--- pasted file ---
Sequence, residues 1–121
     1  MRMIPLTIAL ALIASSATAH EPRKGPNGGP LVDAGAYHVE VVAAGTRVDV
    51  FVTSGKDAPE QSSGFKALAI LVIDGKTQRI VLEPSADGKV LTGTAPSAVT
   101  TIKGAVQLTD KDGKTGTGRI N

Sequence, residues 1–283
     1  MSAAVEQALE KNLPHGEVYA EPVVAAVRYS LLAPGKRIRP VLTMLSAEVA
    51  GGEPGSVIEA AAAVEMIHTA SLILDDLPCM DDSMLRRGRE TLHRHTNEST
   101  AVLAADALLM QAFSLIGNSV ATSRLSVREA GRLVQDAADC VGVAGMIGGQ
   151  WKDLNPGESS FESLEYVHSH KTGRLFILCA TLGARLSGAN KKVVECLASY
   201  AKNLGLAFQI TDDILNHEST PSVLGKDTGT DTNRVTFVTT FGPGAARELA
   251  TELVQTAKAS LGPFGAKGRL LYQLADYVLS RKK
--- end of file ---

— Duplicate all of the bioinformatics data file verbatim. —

Sequence, residues 1–121
     1  MRMIPLTIAL ALIASSATAH EPRKGPNGGP LVDAGAYHVE VVAAGTRVDV
    51  FVTSGKDAPE QSSGFKALAI LVIDGKTQRI VLEPSADGKV LTGTAPSAVT
   101  TIKGAVQLTD KDGKTGTGRI N

Sequence, residues 1–283
     1  MSAAVEQALE KNLPHGEVYA EPVVAAVRYS LLAPGKRIRP VLTMLSAEVA
    51  GGEPGSVIEA AAAVEMIHTA SLILDDLPCM DDSMLRRGRE TLHRHTNEST
   101  AVLAADALLM QAFSLIGNSV ATSRLSVREA GRLVQDAADC VGVAGMIGGQ
   151  WKDLNPGESS FESLEYVHSH KTGRLFILCA TLGARLSGAN KKVVECLASY
   201  AKNLGLAFQI TDDILNHEST PSVLGKDTGT DTNRVTFVTT FGPGAARELA
   251  TELVQTAKAS LGPFGAKGRL LYQLADYVLS RKK